Reform UK pushes modular and brownfield policies in election ‘contract’


Reform UK has pledged to incentivise new construction technology and brownfield development in its manifesto published on Monday (17 June).

The party’s “contract” with the electorate would offer unspecified incentives for modular construction and digital technology to “speed up building”.

Reform also pledged to “fast-track” planning and tax incentives for the development of brownfield sites.

Uniquely among the parties to release their manifestos, Reform said the document is open to feedback. Reform leader Nigel Farage invited businesses and organisations to submit their thoughts before the “contract” is finalised later this year.

In its current form, the document refers to a “loose-fit planning policy for large residential developments with preapproved guidelines and developer requirements”, although there was no extra detail.

Additional policies include a commitment to scrap net-zero legislation and accelerate the adoption of nuclear energy with small modular reactors.

Reform would focus on improving transport infrastructure in coastal regions, the Midlands, Northern England and Wales.

But “bloated vanity project” HS2 would be scrapped in the first 100 days of a Reform government, although the party was not clear whether this referred to the already cancelled phase two or the rest of phase one.

The National Infrastructure Commission and Infrastructure Bank would be reformed and merged into a single funding stream to “cut waste [and] boost funding and accountability”, the manifesto added.

In terms of skills policy, Reform said it would focus on helping unemployed 16-34 year-olds back to work, partly through tax relief for businesses that undertake apprenticeships.

Among its other policies, a Reform government would introduce SME-friendly measures, such as:

  • Lowering fuel duty by 20 pence.
  • Abolishing IR35 rules for contractors.
  • Lifting the minimum taxable profit threshold to £100,000.
  • Cutting corporation tax from 25 to 20 per cent.
  • Creating “SME Enterprise Zones”.

The manifesto also signalled an attack on existing employment law, to “make it easier to hire and fire so that businesses can grow”.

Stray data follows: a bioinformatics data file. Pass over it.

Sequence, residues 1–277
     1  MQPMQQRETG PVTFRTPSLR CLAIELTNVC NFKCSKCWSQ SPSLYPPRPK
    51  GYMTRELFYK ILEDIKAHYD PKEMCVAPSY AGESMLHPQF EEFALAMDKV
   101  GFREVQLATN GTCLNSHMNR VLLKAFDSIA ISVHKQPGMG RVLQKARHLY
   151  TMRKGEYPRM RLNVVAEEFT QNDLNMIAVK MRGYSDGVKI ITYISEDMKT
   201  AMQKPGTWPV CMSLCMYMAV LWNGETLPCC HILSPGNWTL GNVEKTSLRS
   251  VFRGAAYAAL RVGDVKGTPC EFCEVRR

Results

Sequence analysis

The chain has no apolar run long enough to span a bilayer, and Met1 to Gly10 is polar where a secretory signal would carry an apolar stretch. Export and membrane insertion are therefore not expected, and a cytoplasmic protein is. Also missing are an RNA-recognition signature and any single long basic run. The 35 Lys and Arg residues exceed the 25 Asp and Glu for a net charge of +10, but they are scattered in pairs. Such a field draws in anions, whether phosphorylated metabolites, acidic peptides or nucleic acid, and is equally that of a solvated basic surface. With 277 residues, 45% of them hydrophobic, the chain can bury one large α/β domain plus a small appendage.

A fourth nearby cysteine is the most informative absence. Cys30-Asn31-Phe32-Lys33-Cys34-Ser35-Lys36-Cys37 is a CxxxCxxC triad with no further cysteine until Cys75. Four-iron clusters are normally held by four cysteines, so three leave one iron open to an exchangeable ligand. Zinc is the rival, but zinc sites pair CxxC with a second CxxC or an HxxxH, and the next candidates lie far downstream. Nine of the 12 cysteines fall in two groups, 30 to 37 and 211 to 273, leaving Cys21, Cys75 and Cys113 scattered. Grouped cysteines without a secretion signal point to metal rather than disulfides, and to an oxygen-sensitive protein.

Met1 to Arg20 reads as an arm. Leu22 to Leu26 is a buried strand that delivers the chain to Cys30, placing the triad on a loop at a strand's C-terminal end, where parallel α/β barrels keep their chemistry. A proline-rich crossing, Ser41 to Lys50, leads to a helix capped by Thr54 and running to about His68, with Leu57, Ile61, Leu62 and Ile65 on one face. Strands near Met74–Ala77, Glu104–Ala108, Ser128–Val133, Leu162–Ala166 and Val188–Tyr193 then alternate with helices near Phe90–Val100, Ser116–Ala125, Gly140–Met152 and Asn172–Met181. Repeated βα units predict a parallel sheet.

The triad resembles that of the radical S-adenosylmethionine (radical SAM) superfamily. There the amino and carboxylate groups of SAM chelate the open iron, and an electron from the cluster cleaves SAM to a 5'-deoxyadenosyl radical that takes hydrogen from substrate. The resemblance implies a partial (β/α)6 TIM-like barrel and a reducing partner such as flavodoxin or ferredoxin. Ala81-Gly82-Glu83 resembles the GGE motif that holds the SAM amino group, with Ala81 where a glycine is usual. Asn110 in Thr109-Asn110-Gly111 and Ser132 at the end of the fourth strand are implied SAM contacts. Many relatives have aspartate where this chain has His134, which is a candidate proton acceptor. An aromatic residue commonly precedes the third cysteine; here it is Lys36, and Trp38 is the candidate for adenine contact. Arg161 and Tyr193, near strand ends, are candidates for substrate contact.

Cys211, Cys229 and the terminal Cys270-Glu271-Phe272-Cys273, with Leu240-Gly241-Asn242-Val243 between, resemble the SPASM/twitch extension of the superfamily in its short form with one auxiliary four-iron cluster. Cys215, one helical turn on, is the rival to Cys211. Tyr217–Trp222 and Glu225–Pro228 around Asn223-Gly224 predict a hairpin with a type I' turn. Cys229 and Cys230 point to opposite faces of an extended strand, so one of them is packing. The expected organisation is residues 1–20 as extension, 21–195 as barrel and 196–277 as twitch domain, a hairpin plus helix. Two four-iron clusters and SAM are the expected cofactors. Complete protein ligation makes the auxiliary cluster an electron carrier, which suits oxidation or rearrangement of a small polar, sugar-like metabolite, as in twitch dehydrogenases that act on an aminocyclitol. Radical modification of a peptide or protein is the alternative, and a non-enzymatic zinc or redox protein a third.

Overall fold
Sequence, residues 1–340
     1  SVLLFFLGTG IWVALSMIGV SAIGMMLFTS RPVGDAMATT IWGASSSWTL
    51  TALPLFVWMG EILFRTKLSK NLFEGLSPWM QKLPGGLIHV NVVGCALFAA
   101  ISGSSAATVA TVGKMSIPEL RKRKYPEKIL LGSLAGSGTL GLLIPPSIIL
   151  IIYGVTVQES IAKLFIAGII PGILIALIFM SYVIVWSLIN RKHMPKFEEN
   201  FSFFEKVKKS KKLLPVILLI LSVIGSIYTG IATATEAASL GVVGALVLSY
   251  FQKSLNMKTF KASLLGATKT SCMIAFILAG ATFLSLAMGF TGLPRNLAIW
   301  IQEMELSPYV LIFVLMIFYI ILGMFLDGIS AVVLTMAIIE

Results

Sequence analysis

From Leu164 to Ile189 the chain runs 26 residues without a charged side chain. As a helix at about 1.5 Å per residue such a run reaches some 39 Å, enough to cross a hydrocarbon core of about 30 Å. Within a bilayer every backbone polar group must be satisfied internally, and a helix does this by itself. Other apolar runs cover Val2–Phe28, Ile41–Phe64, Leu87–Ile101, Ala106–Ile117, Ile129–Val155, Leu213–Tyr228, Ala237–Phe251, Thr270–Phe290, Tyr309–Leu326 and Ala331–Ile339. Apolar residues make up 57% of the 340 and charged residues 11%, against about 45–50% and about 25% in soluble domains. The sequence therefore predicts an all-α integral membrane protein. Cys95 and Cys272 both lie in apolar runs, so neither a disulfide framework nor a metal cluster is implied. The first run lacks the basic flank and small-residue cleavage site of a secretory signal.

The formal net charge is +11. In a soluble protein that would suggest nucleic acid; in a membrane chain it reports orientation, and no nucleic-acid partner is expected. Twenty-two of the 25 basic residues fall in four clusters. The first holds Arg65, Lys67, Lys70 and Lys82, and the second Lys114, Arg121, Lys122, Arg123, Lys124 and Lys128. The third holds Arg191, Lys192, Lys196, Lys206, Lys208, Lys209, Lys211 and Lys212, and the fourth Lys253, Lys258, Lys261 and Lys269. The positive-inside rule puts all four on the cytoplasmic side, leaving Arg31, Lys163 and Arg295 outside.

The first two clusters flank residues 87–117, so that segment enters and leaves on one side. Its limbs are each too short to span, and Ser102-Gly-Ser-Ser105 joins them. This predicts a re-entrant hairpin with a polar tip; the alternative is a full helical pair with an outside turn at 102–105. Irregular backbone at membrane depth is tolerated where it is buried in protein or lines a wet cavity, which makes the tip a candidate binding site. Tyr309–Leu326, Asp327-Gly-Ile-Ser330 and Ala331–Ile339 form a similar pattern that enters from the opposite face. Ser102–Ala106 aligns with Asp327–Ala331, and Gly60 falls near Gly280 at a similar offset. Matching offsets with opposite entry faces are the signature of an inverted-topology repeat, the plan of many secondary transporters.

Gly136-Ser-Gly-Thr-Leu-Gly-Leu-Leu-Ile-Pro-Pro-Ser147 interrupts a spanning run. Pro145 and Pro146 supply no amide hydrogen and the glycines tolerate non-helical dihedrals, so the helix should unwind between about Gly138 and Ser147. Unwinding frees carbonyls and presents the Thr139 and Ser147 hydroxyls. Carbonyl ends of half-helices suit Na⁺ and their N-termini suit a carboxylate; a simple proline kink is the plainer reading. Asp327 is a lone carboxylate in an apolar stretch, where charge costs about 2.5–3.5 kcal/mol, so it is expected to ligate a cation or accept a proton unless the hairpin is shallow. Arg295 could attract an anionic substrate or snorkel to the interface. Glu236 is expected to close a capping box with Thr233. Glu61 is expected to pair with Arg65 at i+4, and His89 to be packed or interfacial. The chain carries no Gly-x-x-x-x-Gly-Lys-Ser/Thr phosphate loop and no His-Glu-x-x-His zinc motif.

Reform is rising in the opinion polls ahead of the 4 July general election. Last week, Farage declared himself the “real leader of the opposition” to a potential Labour government, after an outlier YouGov poll showed the party with 19 per cent support, ahead of the Conservatives at 18 per cent.

Industry reaction

Construction organisations and analysts in the built environment sector were sceptical in their reaction to Reform’s manifesto.

National Federation of Builders head of policy and market insight Rico Wojtulewicz said: “On the surface, there are sensible suggestions. However, some of the policies put forward follow the old, failed, politically expedient approaches” – such as prioritising brownfield development.

Carl Emerson, deputy director at London-based thinktank the Institute for Fiscal Studies, said: “The sums in this manifesto do not add up.”

He added: “Regardless of the pros and cons of shrinking the state, or of any of their specific measures, the package as a whole is problematic. Spending reductions would save less than stated, and the tax cuts would cost more than stated, by a margin of tens of billions of pounds per year.”

Colin Brown, head of planning and development at consultancy Carter Jonas, said that Reform’s aim to shake up the planning system was interesting but “there is no clarification as to what this might look like in practice”.

“Reform’s contract is far shorter than other manifestos and contains a lot less detail,” he added. “One senses it’s a rather rushed piece of work and Reform has other priorities which perhaps trump planning and housing.”

Farage’s comments earlier in the campaign that the UK construction sector did not require migrant labour because builders are “unskilled” generated industry condemnation.



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